For a small important majority of Australians, February 13 marked an emotional moment in our nation’s history.
This year marks the 10-year anniversary of former prime minister Kevin Rudd's official apology to the Stolen Generations.
Moonbahlene Local Aboriginal Land Council's Helen Duroux recalls indigenous elders being very moved by the long-awaited apology, and feels it probably made non-indigenous people more aware of the sad chapter in Australian history.
"I know it caused a lot of controversy at the time, with a lot of non-indigenous people saying they couldn't see the need for an apology," she said.
"It was a good thing, but I don't know that we've progressed much since.
"Being acknowledged by someone like Kevin Rudd – about the highest you can go in the ranks – I know it meant a lot to some of our elders.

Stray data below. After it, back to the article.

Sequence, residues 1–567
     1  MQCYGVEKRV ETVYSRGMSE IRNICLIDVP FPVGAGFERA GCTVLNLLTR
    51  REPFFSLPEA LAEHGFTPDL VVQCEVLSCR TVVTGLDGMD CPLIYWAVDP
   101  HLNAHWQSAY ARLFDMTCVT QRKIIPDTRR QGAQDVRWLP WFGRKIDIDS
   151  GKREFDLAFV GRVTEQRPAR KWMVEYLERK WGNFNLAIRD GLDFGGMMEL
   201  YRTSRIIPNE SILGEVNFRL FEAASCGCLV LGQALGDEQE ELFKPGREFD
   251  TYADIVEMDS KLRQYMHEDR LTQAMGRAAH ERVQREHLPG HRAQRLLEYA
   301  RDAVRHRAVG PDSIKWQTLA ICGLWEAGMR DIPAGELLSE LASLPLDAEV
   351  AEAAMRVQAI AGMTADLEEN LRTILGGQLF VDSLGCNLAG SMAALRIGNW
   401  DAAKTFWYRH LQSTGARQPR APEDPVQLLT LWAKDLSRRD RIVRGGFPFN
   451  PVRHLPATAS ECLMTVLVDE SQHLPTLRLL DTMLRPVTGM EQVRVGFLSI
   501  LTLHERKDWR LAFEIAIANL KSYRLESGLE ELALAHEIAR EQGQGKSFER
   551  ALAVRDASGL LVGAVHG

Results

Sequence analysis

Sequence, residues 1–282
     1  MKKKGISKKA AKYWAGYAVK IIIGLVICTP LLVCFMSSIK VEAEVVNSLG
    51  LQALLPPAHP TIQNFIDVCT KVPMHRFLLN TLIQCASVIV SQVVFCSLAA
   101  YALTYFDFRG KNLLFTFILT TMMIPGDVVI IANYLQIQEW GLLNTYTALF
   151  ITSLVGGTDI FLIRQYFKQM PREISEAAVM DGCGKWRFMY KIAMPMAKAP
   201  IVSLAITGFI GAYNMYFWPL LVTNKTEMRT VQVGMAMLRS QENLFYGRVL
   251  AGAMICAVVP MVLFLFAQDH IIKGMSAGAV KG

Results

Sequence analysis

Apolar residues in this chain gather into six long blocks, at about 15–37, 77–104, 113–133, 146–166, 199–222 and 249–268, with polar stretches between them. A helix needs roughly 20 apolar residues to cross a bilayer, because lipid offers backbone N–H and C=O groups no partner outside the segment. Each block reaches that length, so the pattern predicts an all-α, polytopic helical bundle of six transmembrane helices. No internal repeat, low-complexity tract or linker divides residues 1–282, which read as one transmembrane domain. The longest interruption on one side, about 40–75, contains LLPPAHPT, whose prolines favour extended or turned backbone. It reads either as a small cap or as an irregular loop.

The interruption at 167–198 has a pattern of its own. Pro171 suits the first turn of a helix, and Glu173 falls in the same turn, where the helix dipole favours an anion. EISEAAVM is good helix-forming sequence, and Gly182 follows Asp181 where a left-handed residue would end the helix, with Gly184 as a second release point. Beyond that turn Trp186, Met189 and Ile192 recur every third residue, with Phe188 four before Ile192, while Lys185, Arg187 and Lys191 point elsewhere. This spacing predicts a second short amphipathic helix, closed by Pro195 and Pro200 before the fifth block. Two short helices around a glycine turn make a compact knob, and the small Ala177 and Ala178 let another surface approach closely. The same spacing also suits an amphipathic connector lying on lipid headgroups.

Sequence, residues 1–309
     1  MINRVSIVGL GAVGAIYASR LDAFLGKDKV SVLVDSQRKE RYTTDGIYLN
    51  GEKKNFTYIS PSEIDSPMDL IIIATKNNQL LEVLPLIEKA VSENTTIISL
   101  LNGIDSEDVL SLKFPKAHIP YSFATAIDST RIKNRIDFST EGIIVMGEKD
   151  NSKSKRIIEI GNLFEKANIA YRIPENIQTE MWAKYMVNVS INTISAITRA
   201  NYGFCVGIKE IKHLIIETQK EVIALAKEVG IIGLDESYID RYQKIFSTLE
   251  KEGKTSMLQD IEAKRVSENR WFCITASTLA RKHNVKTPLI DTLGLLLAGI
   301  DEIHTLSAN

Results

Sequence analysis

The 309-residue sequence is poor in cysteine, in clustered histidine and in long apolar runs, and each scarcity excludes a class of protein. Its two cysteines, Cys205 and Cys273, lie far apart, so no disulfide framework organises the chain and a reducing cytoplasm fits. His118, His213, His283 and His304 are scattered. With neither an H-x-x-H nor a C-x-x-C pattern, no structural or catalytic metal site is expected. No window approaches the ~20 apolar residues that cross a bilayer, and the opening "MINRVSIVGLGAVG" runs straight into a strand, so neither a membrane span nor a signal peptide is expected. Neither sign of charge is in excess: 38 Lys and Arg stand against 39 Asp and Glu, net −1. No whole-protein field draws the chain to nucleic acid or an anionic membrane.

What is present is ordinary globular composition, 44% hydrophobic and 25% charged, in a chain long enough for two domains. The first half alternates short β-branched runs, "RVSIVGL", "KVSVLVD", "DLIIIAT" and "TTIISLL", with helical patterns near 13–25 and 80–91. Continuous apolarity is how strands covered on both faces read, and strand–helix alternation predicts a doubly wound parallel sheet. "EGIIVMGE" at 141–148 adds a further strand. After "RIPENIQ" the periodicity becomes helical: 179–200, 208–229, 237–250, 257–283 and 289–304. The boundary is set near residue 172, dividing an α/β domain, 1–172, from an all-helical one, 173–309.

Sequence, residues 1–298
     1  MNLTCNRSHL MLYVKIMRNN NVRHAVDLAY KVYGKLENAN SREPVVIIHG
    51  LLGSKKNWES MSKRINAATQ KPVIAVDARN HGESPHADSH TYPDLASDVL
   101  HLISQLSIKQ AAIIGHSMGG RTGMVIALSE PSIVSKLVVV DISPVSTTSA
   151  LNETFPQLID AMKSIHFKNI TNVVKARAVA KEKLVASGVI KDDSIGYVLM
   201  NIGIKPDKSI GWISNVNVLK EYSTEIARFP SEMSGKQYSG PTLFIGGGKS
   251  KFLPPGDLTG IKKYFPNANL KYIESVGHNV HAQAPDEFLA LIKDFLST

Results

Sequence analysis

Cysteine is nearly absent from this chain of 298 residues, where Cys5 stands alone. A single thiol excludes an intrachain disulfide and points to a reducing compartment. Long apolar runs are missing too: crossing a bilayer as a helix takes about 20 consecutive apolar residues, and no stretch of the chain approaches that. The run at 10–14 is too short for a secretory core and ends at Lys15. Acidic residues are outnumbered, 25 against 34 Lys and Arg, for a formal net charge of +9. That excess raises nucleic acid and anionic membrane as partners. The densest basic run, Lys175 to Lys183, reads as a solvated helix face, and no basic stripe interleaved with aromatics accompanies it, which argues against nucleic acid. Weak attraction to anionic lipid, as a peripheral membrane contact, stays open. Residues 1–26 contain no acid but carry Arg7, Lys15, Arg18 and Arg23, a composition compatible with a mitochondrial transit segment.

"He delivered in a very heartfelt and sincere way at the time, and that was very much appreciated by the elders."
On Monday the federal opposition leader Bill Shorten announced Labor would introduce a reparations scheme for the Northern Territory and Australian Capital Territory.
The scheme is based on the New South Wales scheme which offers an ex-gratia payment of $75,000 for each stolen generation member and an additional $7500 in funeral costs.